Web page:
My Lords, my noble friend need not apologize for bringing this matter again before your Lordships' House. It is a most important matter, with which I am sure he is most competent to deal, and I only wish we could have had some views expressed by various other noble Lords whom I see in their places and who know a great deal more about this subject than I do. If I take the last part of my noble friend's speech first, he said he did not expect me to-day to go into any general dissertation on post-war agricultural policy. I can assure my noble friend and your Lordships' House that I certainly am not going to do anything of the kind, but I am very glad that my noble friend the Duke of Norfolk, who is Parliamentary Secretary to the Ministry of Agriculture, is here because he will no doubt report to the Minister and his Department the views on this particular subject which have been so cogently expressed by the noble Earl. I am sorry the noble Earl was not satisfied with the answer he got from my noble friend a fortnight ago when he raised a cognate question. I shall try to satisfy him a little better to-day, but in answering his question it will be necessary for me to go at some length into the history of what has been done and what we hope to do.

The Inter-Allied Committee on Post-War Requirements was set up in September, 1941, to consider the post-war needs of the liberated countries in Europe. At an early stage it appointed a Technical Advisory Committee on Agriculture under the chairmanship of Sir John Russell. All the Allied countries in Europe, together with the British Government and the Governments of the United States and the Dominions, are represented on this Committee, which has been engaged in assessing the present position of agriculture in the occupied Allied countries, and the imports of seeds, implements, and other materials which will be necessary immediately on liberation in order to restore food production and rehabilitate the agricultural industry. In addition to this, a Sub-Committee under the chairmanship of Mr. G. R. Paterson, of the Office of the High Commissioner of Canada, has been considering, with the help of British experts, the position of live stock in occupied Europe and the measures of restoration which it will be possible to take at an early stage. The losses in live stock resulting from enemy occupation have not been uniform in all countries, but in the aggregate they represent a very severe decline, running into millions of head of draught animals and dairy cattle. In proportion to pre-war numbers, I am told that the decline in pigs and poultry has been even more severe than in the case of cattle, though this can be more rapidly made good as soon as feeding-stuffs become available.

The losses already sustained in cattle will probably take six to seven years to make good, and the losses in horses an even longer period. It has also to be anticipated that further heavy losses will be incurred before the Allied countries are liberated. Indeed, even after liberation, excessive slaughtering may take place before adequate meat imports are available. As my noble friend said, it may not be so long before we are confronted with what he called the "horrors of peace" I wish we could see some of these "horrors" a little nearer than I think they are. However, one never knows, but it is wiser to look on the worst side. The restoration of these losses presents a very serious problem. In view of the difficulties of transport and acclimatization of imported stock, restoration will have to come mainly from natural increase of the remaining herds, but there will be scope for the imports into Allied countries of good-class breeding stock as well as of commercial dairy cattle and horses, if transport can be provided. The Sub-Committee has issued a confidential report estimating the number of live stock in both categories likely to be needed by each Allied country, the breeds considered most suitable, and the countries from which they can best be obtained, and this document has been submitted, through the Technical Advisory Committee on Agriculture, to the Allied Governments.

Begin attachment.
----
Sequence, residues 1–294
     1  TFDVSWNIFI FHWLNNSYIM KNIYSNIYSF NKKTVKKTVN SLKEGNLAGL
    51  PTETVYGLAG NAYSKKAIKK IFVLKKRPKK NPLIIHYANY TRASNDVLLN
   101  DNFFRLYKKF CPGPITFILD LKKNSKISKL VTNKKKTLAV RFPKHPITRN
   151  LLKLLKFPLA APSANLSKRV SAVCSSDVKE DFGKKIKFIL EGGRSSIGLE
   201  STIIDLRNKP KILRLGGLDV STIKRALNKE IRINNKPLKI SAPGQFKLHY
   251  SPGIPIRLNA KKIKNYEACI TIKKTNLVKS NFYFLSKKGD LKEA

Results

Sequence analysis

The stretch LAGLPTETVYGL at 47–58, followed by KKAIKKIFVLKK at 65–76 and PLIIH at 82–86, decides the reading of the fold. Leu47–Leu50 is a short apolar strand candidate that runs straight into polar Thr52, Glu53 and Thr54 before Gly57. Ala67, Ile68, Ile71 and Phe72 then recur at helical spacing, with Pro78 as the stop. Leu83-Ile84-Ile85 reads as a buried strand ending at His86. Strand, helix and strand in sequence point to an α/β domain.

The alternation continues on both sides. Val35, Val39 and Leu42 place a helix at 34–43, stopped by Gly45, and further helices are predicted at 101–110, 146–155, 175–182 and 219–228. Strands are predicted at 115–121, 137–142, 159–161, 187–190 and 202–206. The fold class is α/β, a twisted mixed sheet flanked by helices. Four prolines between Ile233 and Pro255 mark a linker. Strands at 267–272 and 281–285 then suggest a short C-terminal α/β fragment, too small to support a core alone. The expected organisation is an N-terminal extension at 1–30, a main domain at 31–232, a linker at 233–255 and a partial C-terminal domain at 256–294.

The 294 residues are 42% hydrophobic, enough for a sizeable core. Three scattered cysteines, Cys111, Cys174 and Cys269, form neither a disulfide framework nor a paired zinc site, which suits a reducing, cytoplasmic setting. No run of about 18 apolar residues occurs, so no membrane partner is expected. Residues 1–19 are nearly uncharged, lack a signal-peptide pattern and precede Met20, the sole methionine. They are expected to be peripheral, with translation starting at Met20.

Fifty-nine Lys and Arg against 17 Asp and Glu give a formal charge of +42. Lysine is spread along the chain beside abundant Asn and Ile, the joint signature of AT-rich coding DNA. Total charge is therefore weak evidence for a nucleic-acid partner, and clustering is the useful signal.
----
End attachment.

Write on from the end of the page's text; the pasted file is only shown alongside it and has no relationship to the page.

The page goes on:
In the same way reports on estimated needs of seeds, farm machinery, fertilizers, and other agricultural requirements have been prepared and submitted to the Allied Governments, and it is expected that all these reports will be considered by the proposed United Nations' Relief and Rehabilitation Administration, with a view to specific proposals for assistance being addressed to those of the United Nations who are able to help in the work of relief. After the Sub-Committee to which I have referred had completed its report on live stock, the Hot Springs Conference took place, and the Twelfth Resolution of that Conference has an important bearing on this question of the restoration of Europe's live stock population. I must say I was a little disappointed and rather surprised to hear my noble friend speak with some contempt of the Hot Springs Conference. That was what I should call a useful conference, and I do not think that the contempt with which my noble friend spoke of it will be shared by most members of your Lordships' House.


I did not express my contempt. I was only voicing the feelings expressed by agriculturists throughout the country.


Not by all agriculturists by any means.


I have heard none.